“I personally intervened to ensure that transit visas were available for the Fiji delegation to go through Auckland airport to Niue so that they could be accountable to forum leaders for commitments given last year,” she said.

    “No doubt the forum will be in touch with the interim Government of Fiji afterwards to convey the views of the forum.”

    Niue Premier, Toke Talagi, is disappointed but says he would like dialogue to continue with Fiji’s interim government.

    “Well I suppose it is understandable in the current situation they have in Suva. It may mean that we will be able to concentrate on some of a bit more the regional issues that we’ve been talking about.”

    Commodore Bainimarama, who seized power in a bloodless coup in 2006 says his country will not let others dictate its future.

    He has accused Australia and New Zealand of victimising Fiji and blames his boycott on New Zealand’s refusal to give him a visa to attend talks afterwards in Auckland, as well as important political issues at home.

    Mr Rudd will be flying into Niue tonight where climate change will be the main theme of the summit.

  12. Peace Pipe Says:

    WTF is the pig demanding to go to Auckland for. He was told in no uncertain terms everything would be held in Niue including the post Forum meeting. Why does he badly wants to go to Auckland for. Does he want to go on the run there or oh yes he has family there whom he has not met for a long time now and this was the opportunity. Or in simple conclusion he is making excuses so that he can side step the meeting where he will be grilled and face up with his words of dishonour.

  13. Striker Says:

    Isireli Tawake must be another of the crooks who have illegally gained from this illegal, illegitimate regime. SV please check if this is one of the guys who were paid exorbitant leave pay as a reward for executing the coup. Dermented and looney the whole bang lot – and a bunch of cowards as shown by their leader the pig for hiding from Forum leaders unable to stick to his committments.

  14. far and wide Says:

    see the last 2 or 3 paragraphs.

    the pig is a vegan??? not.

    http://www.stuff.co.nz/4662725a12.html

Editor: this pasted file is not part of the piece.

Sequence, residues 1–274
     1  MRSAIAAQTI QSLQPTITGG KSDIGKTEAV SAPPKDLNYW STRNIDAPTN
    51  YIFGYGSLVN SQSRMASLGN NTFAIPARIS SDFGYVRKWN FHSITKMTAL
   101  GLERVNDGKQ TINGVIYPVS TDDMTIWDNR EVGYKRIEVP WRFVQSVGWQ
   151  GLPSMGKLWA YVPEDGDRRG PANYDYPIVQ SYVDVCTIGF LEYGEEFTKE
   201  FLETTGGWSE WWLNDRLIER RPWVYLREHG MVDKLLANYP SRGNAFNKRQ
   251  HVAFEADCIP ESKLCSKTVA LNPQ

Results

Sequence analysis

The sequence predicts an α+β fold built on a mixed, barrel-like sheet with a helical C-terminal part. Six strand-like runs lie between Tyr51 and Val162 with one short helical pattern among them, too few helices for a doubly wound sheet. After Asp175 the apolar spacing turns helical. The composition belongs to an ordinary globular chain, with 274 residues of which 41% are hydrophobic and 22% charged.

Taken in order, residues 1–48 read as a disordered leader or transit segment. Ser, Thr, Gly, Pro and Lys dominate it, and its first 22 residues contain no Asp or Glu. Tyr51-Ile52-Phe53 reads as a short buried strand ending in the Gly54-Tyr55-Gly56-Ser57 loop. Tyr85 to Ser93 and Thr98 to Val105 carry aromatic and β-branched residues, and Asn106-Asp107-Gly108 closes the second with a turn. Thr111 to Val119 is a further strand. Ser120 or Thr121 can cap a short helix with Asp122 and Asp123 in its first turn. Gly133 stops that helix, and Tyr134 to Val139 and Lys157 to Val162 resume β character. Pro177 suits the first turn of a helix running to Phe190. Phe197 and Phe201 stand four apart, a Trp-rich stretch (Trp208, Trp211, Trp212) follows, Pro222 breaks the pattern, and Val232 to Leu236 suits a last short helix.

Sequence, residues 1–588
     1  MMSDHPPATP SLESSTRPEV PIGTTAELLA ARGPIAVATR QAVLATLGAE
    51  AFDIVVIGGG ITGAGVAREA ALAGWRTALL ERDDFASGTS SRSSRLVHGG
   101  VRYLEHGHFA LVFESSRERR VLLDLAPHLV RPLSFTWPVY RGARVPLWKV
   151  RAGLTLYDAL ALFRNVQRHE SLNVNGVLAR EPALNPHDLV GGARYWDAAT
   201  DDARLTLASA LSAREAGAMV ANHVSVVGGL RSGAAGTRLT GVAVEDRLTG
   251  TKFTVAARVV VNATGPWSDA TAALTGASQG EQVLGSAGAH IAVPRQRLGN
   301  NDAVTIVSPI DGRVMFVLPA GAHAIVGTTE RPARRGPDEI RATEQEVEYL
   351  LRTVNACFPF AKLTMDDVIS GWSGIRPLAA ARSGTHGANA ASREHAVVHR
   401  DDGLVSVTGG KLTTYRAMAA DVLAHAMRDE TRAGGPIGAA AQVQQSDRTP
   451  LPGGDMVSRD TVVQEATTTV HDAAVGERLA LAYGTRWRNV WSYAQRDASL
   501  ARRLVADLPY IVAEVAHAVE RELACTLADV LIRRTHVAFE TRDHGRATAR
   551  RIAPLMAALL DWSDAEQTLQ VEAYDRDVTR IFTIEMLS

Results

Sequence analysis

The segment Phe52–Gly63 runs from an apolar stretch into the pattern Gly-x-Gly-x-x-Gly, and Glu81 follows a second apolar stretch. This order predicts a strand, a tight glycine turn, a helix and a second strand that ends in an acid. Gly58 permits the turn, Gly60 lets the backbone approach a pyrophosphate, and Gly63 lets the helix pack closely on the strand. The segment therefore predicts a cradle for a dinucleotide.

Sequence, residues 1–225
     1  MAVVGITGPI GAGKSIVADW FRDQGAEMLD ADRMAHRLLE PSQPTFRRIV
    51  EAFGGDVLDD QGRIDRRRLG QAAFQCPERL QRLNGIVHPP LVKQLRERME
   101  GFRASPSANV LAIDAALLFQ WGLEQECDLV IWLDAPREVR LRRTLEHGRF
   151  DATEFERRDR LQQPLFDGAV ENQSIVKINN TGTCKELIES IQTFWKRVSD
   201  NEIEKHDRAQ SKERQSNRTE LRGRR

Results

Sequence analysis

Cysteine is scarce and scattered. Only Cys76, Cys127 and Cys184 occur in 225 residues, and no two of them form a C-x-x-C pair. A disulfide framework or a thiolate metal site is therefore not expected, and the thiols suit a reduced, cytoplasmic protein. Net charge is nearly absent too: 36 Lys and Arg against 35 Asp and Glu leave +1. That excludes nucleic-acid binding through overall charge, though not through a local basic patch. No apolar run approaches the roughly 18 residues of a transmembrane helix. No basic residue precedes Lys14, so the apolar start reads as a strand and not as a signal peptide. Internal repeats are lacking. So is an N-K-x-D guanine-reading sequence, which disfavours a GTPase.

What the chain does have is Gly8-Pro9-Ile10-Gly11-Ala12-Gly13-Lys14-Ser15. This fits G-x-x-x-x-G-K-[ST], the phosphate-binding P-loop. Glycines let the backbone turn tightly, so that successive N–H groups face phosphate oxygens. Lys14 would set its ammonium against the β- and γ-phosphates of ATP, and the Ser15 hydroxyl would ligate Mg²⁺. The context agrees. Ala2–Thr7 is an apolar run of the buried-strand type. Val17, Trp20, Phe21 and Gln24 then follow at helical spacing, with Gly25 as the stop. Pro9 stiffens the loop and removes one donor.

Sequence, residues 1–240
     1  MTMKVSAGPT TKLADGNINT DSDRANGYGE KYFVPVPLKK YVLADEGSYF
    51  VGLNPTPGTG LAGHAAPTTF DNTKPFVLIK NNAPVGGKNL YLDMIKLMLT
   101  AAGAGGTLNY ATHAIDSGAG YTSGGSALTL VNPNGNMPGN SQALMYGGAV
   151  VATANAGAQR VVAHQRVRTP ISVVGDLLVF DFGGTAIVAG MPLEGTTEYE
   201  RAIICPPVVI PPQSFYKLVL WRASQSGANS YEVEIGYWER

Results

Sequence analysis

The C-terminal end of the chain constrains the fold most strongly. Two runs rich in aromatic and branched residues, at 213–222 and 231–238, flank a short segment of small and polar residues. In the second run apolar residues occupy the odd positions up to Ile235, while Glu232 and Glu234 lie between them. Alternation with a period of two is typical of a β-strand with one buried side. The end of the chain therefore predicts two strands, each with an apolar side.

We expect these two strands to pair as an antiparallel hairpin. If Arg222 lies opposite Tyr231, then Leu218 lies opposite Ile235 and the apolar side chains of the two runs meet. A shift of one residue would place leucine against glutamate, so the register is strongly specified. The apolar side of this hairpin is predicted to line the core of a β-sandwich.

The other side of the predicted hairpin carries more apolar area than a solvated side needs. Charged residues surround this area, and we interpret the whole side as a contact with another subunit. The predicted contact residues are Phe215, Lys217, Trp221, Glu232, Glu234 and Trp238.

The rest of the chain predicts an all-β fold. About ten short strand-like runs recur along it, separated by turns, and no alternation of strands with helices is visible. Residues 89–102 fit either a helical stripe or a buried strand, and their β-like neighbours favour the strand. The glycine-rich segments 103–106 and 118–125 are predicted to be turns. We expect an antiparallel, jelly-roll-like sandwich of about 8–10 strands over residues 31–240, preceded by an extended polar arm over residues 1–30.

By MARTIN KAY in Niue – The Dominion Post | Wednesday, 20 August 2008
    Miss Niue rare on ‘the rock’

    With fewer than 1500 people, Niue is short on celebrities, but as an invasion of regional leaders and media descended on the island, Vanessa Limatoa Marsh became an instant star.

    Making her first official appearance since she was crowned as Miss Niue a few months ago, the 23-year-old fisheries officer is something of a rarity in a tiny country which is struggling to survive.

    Born and bred on the island, dubbed “the rock” by locals”, she embodies hopes for the future as Niue wrestles with a population officially put at 1600 but which most who live there think is closer to 1100.

    Intelligent and articulate, that she has chosen to stay is almost a miracle as most of her peers leave for New Zealand – where all Niueans have citizenship – or elsewhere in search of work or further education, a fact she readily acknowledges.

    “It’s extremely hard. The younger generation now are pretty much the lifeline of Niue and we are in need of trying to keep them here.”

    She says the 39th Pacific Islands Forum, which begins in Niue today, is a chance to showcase the island and its culture.

    More importantly, it is an opportunity for Prime Minister Helen Clark to see first hand how Niue has used the $20 million aid package New Zealand gave in 2004 to help the island recover from Cyclone Heta and to meet the new challenges of the 21st century.

    That aid was in recognition of the fact Niue was – and still is – struggling badly, in common with most countries in the region.

    Miss Clark arrived last night, and was holding one-on-one meetings with several leaders ahead of the official opening this afternoon.

    The leaders retreat, where most of the work is done, begins tomorrow.

    The forum hopes to begin cementing in place solutions to major issues, including exorbitant fuel prices, which inflate food and energy as well as travel costs. Plans for a bulk-buy fuel scheme are expected to be advanced tomorrow. Climate change and protecting and developing fisheries are also high on the agenda.

    But first, the 16 leaders will be diverted by Fiji coup leader Frank Bainimarama’s reneged promise to hold elections by March.

    Commodore Bainimarama has pulled out of the summit, bizarrely claiming he was excluded from post-forum talks in Auckland (there aren’t any), but that will not stop leaders acting on a report by foreign ministers who visited Suva last month. It found that the only impediment to elections by March was the Commodore’s lack of will.

    Though the report is not yet public, it is expected to recommend a tougher line against Fiji – and the mood to go along with that may be stronger now Commodore Bainimarama has thumbed his nose at the forum.

    Though his no show is a serious matter, it caused some mirth last night as cabin crew on the plane he was supposed to have caught asked a “Mr Bainimarama” to identify himself so he could be given his specially-ordered meal.

    It seems the Commodore is a vegetarian – though he may simply have been loath to try the New Zealand lamb or have a dodgy stomach. The other option was Mexican chicken.

  15. Striker Says:

    Far & Wide: Tried chicken-out yet? Seems to be a more popular dish than Mexican chicken.

Leave a Reply

Fill in your details below or click an icon to log in:

WordPress.com Logo

You are commenting using your WordPress.com account. Log Out / Change )

Twitter picture

You are commenting using your Twitter account. Log Out / Change )

Facebook photo

You are commenting using your Facebook account. Log Out / Change )

Google+ photo

You are commenting using your Google+ account. Log Out / Change )

Connecting to %s


%d bloggers like this: